The work of the firm’s eight quality engineers was splashed on the walls of the room: charts, graphs, tables, flow charts, diagrams on napkins, and whatever else someone thought would make sense of the process. Unfortunately, there wasn’t much to show for a month of work. The client was getting antsy —it had approved the hours and paid the invoices but didn’t see any meaningful results.
As an independent contractor, I had completed several debottlenecking studies prior to the arrival of the engineers and finished my work a couple of weeks after they started.
I wish I knew how things turned out. However, like most experienced engineers, I would reckon the efforts didn’t go well. Applying quality control to batch processes is a Sisyphean (i.e., endless and ineffective) task. It’s nearly impossible for a process that’s in development or a state of flux like this one; the company was changing process procedures almost daily to tweak quality.
What you must understand about quality control, especially with batch processes, is to focus first on your ingredients, not the product. Techniques like statistical process control (SPC) deal with random error, not systemic errors, for stable models.
Many engineers make the mistake of charging ahead under the delusion that more data points eventually will “define” the process. The data certainly won’t if they’re from vastly different samples!
Assuming a process is stable, that is, “in control,” you can monitor the average, i.e., X-bar in SPC lingo. However, if there’s a pattern or more than four points in sequence fall on one side of the average, then a systemic error exists in the process and SPC won’t do you any good at monitoring quality.
A manufacturing engineer once asked me if we could set up quality controls for an acid regeneration plant. I charted several weeks of data and concluded the process was “out of control,” which means measures like averages and variances are useless. The regenerated acid came from many mills, each one run differently.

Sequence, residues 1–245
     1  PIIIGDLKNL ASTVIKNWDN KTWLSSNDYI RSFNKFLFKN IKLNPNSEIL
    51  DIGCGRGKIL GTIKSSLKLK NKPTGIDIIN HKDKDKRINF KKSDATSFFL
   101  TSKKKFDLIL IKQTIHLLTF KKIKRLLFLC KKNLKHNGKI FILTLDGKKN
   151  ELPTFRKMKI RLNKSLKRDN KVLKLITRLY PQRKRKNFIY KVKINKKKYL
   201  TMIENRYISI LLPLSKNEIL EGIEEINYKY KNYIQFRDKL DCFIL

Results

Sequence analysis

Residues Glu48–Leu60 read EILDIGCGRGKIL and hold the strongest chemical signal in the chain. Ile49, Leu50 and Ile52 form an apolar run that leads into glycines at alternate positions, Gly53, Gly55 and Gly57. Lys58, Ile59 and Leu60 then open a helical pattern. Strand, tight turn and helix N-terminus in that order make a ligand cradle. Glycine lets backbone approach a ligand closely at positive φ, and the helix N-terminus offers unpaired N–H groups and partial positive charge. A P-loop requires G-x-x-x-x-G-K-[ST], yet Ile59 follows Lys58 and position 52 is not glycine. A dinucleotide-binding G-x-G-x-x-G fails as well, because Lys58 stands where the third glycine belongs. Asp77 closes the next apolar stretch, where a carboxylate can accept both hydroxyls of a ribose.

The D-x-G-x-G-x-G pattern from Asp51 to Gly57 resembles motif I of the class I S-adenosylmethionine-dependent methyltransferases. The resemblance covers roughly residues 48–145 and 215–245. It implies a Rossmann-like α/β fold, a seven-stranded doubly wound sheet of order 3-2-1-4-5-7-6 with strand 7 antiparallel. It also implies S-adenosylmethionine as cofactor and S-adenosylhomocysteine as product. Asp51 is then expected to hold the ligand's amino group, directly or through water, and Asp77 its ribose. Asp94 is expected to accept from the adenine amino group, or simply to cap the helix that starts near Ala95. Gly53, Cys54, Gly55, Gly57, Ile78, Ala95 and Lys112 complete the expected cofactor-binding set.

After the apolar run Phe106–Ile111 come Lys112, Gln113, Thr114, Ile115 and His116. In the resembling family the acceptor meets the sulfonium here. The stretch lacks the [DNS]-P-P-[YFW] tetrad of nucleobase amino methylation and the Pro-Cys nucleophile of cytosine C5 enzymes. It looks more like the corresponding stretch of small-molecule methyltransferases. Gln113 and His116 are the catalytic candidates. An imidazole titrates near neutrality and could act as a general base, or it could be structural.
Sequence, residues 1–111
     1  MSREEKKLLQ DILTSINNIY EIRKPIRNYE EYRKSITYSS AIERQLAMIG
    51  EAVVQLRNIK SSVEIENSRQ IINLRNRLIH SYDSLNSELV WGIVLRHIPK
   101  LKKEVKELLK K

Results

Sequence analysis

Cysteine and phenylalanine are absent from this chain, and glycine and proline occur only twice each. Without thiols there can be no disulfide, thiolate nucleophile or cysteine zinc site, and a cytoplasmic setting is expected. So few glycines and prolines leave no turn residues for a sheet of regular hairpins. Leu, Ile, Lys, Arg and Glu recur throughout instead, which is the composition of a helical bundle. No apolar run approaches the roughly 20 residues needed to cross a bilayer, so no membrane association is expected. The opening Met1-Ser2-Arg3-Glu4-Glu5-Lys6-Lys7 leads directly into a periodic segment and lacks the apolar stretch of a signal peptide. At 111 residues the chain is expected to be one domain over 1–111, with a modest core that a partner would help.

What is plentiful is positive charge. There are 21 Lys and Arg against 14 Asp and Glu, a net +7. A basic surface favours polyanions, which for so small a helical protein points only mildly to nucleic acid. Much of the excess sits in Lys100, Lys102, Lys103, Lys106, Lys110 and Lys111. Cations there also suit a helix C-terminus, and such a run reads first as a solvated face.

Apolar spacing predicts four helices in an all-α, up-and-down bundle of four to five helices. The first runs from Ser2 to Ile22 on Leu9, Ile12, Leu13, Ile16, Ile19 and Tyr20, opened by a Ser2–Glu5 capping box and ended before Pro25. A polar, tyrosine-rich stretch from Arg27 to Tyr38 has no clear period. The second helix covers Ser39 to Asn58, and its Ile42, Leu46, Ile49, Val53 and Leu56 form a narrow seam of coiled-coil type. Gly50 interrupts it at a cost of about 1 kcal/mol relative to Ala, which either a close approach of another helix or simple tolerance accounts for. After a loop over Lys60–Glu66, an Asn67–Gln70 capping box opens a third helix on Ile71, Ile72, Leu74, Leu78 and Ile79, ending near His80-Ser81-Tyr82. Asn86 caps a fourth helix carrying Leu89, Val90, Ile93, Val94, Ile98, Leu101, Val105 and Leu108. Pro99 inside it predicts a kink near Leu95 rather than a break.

In the end, all we could do was set up trip points to warn when spikes in contaminants needed attention. Then, the site would have to remove the contaminants itself or pay for their elimination.
The quality of the samples is a key factor, of course. Good sampling technique is important whether the process is in control or not. Whole books have focused on sampling but the gist of them is that you must learn how to sample from some screening experiments.
It’s also worth pointing out that instruments seldom are accurate to more than ½% of full scale. Some measurements, such as those for pH and conductivity, usually have larger margins of error. These unavoidable ranges contribute to process variance and operator error. I doubt if many continuous processes, let alone batch ones, could meet Four Sigma quality (i.e., a 0.6% error rate),much less Six Sigma (0.0003%).
According to the “Six Sigma Handbook,” most companies operate at Three Sigma (i.e., 2.5% errors) while startups typically incur a 15–20% error rate. I think those values are overly optimistic for firms running batch processes and for startup operations.
Let’s not debate about percentages. Instead, let’s turn to a couple of more important questions: Will applying all this brain power to solve a few key problems actually improve a company’s bottom line? Where is the breakeven point between resources expended and better financial results? (This is akin to the analysis that should take place for reliability work.) These often are difficult questions to answer until you go further down the rabbit hole. This topic was discussed in an unsatisfactory way in Mary Walton’s “The Deming Management Method.” Unfortunately, very few managers have the willpower to pull the plug on winning programs even once they’ve reached their full potential.
It’s almost an inverse version of the gambler’s (or Monte Carlo) fallacy. That’s where a gambler thinks that repeated losses actually improve the chance of eventually winning. In the inverse, a company assumes it can pick more low-hanging fruit although the tree is bare.
DIRK WILLARD is a Chemical Processing contributing editor. He recently won recognition for his Field Notes column from the ASBPE. Chemical Processing is proud to have him on board. You can e-mail him at firstname.lastname@example.org